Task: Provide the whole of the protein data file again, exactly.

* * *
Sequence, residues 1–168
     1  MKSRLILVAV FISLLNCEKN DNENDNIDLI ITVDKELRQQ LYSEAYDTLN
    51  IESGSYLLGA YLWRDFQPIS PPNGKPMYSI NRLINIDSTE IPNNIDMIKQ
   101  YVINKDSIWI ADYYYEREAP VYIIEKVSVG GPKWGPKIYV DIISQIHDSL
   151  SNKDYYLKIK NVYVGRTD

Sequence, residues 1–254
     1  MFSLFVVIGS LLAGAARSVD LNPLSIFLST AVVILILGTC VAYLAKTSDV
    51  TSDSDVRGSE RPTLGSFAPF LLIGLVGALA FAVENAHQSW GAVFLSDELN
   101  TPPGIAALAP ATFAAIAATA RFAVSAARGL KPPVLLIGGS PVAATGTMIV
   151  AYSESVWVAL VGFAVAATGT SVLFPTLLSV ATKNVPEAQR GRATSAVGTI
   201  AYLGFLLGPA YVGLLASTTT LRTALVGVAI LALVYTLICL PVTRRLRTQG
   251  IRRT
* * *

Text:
Sequence, residues 1–168
     1  MKSRLILVAV FISLLNCEKN DNENDNIDLI ITVDKELRQQ LYSEAYDTLN
    51  IESGSYLLGA YLWRDFQPIS PPNGKPMYSI NRLINIDSTE IPNNIDMIKQ
   101  YVINKDSIWI ADYYYEREAP VYIIEKVSVG GPKWGPKIYV DIISQIHDSL
   151  SNKDYYLKIK NVYVGRTD

Sequence, residues 1–254
     1  MFSLFVVIGS LLAGAARSVD LNPLSIFLST AVVILILGTC VAYLAKTSDV
    51  TSDSDVRGSE RPTLGSFAPF LLIGLVGALA FAVENAHQSW GAVFLSDELN
   101  TPPGIAALAP ATFAAIAATA RFAVSAARGL KPPVLLIGGS PVAATGTMIV
   151  AYSESVWVAL VGFAVAATGT SVLFPTLLSV ATKNVPEAQR GRATSAVGTI
   201  AYLGFLLGPA YVGLLASTTT LRTALVGVAI LALVYTLICL PVTRRLRTQG
   251  IRRT